After Hurricane Florence, Debris Flooding Rivers Can Be Seen From Space


Image shows how water quality has been affected along the east coast of North Carolina. NASA/USGS

Two sets of satellite images captured by NASA’s Earth Observatory show the extent of flooding in parts of North Carolina, and just how much debris is being carried through the tar heel state’s swollen waterways.

Landsat 8, a satellite operated jointly by NASA and the US Geological Survey, scoped out residential areas and rivers from space after Hurricane Florence dumped an estimated 8 trillion gallons of rain between September 13 and 17, according to the National Weather Service in Raleigh


The first set of images snapped by the Operational Land Imager (OLI) reveal extensive flooding in several residential areas and along major rivers near the small town of Trenton, which runs along the Trent River. The first image shows the Trent River, visible as a faint squiggly line, on July 14, 2017.

The Trent River, visible as a faint squiggly line, and the nearby town of Trenton captured on July 14, 2017. NASA/USGS
A second image captured on September 20, 2018, shows how extensive flooding is along the Trent River. NASA/USGS

Using a combination of visible and infrared lights to distinguish between flood waters, the second false-colored image highlights changes in the river and groundwater on September 19, 2018. Two days before, the river here swelled to an all-time high of 8.8 meters (29 feet), double the river’s flood stage – the minimum height of overflowing before it causes damage. The last time the river was remotely near this height was more than 10 years ago, according to the National Weather Service. The river dropped to 7.3 meters (24 feet) by September 20, but nearly the entire town of Trenton is still flooded, with many homes, buildings, and roads still full with standing water.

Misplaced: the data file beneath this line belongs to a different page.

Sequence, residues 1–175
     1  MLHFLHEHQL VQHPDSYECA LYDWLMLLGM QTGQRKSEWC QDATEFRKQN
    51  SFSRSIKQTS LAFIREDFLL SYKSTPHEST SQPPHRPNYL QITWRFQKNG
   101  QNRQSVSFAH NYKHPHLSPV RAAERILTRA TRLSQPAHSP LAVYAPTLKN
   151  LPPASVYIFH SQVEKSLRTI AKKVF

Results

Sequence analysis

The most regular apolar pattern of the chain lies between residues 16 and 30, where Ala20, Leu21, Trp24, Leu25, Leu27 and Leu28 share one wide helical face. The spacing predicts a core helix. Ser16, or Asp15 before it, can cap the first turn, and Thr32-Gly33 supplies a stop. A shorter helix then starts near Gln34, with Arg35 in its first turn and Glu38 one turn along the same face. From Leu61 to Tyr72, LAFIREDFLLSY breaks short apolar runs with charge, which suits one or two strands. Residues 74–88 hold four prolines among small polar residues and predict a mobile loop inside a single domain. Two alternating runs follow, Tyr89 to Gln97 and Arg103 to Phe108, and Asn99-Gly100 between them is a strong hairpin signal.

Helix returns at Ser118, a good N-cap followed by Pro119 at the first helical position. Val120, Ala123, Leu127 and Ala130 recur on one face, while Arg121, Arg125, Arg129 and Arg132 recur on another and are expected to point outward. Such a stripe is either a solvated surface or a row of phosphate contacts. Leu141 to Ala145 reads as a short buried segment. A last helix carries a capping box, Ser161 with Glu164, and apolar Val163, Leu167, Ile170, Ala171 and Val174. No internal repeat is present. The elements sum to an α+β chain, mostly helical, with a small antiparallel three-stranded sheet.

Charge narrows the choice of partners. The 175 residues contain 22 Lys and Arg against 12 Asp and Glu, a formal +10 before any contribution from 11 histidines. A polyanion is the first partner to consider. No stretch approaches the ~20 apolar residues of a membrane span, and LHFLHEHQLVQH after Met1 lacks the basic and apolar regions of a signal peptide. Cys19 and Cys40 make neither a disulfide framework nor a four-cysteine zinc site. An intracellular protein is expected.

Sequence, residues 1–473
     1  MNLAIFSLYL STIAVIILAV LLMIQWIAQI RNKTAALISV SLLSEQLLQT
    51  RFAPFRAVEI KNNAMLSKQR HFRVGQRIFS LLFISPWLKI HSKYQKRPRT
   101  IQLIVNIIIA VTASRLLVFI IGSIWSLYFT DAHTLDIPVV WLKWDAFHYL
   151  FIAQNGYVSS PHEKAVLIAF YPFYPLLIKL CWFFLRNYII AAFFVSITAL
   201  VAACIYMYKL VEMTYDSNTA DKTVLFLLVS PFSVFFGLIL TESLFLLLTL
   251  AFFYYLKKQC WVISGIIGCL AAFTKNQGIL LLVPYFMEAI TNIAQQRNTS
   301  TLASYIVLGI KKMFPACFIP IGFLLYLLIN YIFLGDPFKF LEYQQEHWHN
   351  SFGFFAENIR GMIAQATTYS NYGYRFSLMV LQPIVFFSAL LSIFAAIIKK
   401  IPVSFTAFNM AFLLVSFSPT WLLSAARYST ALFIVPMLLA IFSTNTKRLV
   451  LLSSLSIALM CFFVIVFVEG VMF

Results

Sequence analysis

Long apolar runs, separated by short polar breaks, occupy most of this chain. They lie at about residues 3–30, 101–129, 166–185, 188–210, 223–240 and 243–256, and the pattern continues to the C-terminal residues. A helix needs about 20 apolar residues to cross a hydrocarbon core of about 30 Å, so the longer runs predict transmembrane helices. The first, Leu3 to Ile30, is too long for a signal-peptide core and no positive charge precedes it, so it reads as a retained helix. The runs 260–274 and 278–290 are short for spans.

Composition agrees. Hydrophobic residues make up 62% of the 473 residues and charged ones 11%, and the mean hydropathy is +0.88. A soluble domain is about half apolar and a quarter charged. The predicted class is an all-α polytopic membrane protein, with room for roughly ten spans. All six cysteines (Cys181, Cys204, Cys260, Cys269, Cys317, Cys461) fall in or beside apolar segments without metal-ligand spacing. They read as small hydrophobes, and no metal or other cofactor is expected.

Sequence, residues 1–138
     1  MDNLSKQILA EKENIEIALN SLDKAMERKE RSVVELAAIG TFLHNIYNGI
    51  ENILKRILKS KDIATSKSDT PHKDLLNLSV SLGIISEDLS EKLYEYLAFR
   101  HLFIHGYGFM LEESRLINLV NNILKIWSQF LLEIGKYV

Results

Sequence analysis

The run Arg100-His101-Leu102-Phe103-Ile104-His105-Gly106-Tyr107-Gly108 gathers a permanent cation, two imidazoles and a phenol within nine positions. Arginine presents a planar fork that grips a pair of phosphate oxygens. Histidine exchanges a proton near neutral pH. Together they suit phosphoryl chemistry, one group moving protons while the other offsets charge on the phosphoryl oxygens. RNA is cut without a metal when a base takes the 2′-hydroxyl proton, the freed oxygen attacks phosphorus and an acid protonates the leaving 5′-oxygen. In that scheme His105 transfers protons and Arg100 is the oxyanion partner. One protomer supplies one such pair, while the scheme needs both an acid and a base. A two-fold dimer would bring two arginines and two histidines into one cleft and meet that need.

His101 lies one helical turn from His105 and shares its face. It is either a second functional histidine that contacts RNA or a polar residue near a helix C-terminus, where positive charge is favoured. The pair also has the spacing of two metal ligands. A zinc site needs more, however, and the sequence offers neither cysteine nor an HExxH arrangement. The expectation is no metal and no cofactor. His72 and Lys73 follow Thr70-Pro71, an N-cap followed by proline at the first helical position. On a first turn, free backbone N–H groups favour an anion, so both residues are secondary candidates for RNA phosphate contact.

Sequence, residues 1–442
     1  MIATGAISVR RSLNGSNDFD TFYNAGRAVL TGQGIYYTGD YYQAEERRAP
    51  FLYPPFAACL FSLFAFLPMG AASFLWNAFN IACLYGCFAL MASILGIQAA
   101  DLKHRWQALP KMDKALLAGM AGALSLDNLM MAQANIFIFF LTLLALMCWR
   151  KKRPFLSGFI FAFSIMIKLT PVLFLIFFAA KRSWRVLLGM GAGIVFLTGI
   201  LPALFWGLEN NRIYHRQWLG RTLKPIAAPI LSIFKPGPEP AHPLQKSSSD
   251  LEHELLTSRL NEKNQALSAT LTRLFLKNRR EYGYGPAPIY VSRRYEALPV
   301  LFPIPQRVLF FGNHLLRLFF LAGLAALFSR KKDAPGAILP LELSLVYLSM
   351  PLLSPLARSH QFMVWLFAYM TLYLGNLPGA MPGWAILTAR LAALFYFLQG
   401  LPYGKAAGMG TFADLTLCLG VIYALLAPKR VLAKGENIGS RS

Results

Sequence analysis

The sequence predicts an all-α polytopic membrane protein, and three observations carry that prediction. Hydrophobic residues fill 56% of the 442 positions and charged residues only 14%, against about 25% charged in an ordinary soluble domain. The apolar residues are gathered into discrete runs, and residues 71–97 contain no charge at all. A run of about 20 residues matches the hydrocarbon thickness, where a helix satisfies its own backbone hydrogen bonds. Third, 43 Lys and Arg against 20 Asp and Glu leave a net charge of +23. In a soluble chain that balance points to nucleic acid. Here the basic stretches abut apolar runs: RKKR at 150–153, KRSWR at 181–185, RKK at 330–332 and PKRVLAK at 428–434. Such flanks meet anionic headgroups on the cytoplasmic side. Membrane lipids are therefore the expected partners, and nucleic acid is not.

The second set of images show how flooding has affected water quality in three North Carolina water systems – the White Oak, New River, and Adams Creek. Captured on September 20, 2018, the first shows how soils, sediment, decaying leaves, pollution, and other debris has discolored waters flowing out to the Atlantic Ocean.

A second image shows the amount of colored dissolved matter (CDOM) in these places, which include leaves, roots, bark, and other organic materials that contain pigments, such as tannins. As these pigments naturally break down and dissolve, they turn the water shades of blue, green, yellow, and brown.

Images show how water quality has been affected along the east coast of North Carolina. NASA/USGS

In other eastern states, pollution by way of flooding continues to be an issue as Superfund cleanup sites, hog waste lagoons, coal ash facilities, and power plants were flooded when Hurricane Florence made landfall and the days that followed – not to mention the millions of chickens and hogs found dead and floating through floodwaters or the thousands of fish strewn about local roadways.



Florence was the first major hurricane in the 2018 season and the second wettest tropical cyclone ever in the contiguous US following Harvey in 2017. Dozens of deaths have been attributed to the storm, and it is estimated to have accrued between $17 and $22 billion in property damage.

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